The Archaeological Site of Philippi, the most important one in the Eastern Macedonian area of Greece, is on UNESCO’s list of World Heritage Monuments since mid-July 2016, satisfying all the institution’s significant and strict criteria. At the 40th Session of the Committee, which took place in Istanbul, from July 10th to 17th, Philippi was unanimously listed as a World Heritage Site.
© Achilleas Savopoulos
The ancient city of Philippi was built by Thassian settlers, called Crenides (Krinides) in 360-359 BC and led by the exiled Athenian politician Kallistratus. In 356 BC King Philip II of Macedonia renamed the city after himself and used it to control the neighbouring gold mines of Mt. Paggaio, where he installed the Royal Mint. Following the Roman battle of Philippi in 42 BC, in which Octavian and Mark Antony defeated Brutus and Cassius, the city held a leading role of the Roman Empire on Via Egnatia. When Apostle Paul visited in 49-50 BC, in his second and third missionary journeys, he founded the first European Christian Church and the settlement went on being the metropolis of Christianism. The prevalence of the new religion and the transfer of the Roman Empire’s capital to Constantinople lent glory to the City of Philippi. By the 7th century AD people left the city due to big earthquakes and the Slavic raids. During the Byzantine Period the town was a fortress. Its evacuation took place later on during the 14th century with the Turkish evasion.
© Hercules Milas
In the Archaeological Site of Philippi you should pay a visit to its fortified walls and the Acropolis, within which you will encounter a tower dating back to the Byzantine Period; its theatre built in the 4th century BC (probably by Philippe II); the agora, part of a complex of public buildings built by Marcus Aurelius (161-180 BC) was the administrative centre of the Roman Empire and includes a mesmerising 40 m2 mosaic floοr; a palaestra with a little amphitheatre, rooms and a colonnaded courtyard; a Roman Cistern where Romans imprisoned Apostle Paul; the Octagon, a large temple complex, dedicated to Apostle Paul and three aisled basilicas dating back to 5th - 6th century.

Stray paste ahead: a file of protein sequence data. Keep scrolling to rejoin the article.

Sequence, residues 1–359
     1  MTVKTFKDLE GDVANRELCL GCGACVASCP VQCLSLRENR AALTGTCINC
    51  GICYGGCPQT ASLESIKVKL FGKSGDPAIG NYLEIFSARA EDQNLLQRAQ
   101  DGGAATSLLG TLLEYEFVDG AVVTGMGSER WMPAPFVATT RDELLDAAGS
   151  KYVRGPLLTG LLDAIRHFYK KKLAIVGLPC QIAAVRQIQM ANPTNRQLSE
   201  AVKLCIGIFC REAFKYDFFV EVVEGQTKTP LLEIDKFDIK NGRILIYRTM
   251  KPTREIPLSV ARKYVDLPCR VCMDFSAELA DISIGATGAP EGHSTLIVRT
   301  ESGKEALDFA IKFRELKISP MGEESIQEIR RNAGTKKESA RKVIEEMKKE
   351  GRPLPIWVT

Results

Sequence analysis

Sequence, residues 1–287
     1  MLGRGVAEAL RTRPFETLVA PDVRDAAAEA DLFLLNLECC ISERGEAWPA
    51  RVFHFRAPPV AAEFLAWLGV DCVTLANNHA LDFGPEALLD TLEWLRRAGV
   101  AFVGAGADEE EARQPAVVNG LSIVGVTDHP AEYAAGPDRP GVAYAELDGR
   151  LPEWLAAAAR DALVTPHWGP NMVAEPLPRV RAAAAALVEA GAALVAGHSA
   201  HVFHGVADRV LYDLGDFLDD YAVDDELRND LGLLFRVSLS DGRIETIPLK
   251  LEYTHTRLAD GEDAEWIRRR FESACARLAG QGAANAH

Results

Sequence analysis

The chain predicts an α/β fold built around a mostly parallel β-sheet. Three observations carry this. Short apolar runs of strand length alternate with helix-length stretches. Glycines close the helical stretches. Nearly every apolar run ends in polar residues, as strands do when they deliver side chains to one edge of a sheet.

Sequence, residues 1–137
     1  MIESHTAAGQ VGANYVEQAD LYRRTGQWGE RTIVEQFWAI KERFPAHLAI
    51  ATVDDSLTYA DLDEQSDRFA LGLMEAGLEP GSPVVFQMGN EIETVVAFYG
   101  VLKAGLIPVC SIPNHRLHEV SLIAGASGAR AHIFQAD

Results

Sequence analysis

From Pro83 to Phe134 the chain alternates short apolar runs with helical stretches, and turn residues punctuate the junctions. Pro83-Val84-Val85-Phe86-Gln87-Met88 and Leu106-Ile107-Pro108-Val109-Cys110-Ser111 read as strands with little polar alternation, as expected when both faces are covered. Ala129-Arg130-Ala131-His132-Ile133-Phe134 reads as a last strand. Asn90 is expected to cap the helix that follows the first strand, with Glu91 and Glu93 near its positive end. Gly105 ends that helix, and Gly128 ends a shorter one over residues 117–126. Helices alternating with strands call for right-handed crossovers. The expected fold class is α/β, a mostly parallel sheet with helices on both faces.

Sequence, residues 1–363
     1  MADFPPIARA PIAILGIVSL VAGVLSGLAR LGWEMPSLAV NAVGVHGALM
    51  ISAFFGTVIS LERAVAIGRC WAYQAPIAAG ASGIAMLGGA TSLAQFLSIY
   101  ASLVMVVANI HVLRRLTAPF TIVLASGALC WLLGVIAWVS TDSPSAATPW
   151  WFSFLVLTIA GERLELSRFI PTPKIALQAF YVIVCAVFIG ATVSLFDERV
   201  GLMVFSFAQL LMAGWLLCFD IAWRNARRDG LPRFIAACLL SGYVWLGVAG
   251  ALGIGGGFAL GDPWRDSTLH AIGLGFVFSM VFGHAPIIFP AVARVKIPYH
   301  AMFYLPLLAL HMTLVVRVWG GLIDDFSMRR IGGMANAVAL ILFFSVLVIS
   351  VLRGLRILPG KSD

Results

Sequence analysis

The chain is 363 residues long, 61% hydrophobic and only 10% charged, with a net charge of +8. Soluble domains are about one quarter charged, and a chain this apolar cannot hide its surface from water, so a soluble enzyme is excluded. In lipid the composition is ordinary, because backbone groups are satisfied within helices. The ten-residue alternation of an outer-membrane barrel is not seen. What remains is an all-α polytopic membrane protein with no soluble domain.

© Achilleas Savopoulos
It should be noted that Philippi is the 18th Greek monument which was included in UNESCO’s list. The other ones are: the Temple of Apollo Epicurius at Bassae in the Peloponnese (1986), the Acropolis archaeological site in Athens (1987), the Archaeological site of Delphi (1987), the Sanctuary of Asklepios in Epidaurus in the Peloponnese (1988), Mount Athos (1988), the Medieval city of Rhodes (1988), Meteora (1988), the Paleochristian and Byzantine monuments of Thessaloniki (1988), the Archaeological site of Mystras in the Peloponnese (1989), the Archaeological site of Olympia in the Peloponnese (1989), the Archaeological site of Delos in the Cyclades Islands (1990), the Monasteries of Daphni, Hosios Loukas and Nea Moni of Chios (1990), the Archaeological site of Heraion on Samos Island (1992), the Archaeological site of Aigai (Vergina) (1996), the Archaeological sites of Mycenae and Tiryns (1999), the Historic centre (Chora), Monastery of Saint John Theologos and the cave of the Apocalypse on Patmos Island (1999) and the Old Town of Corfu (2007).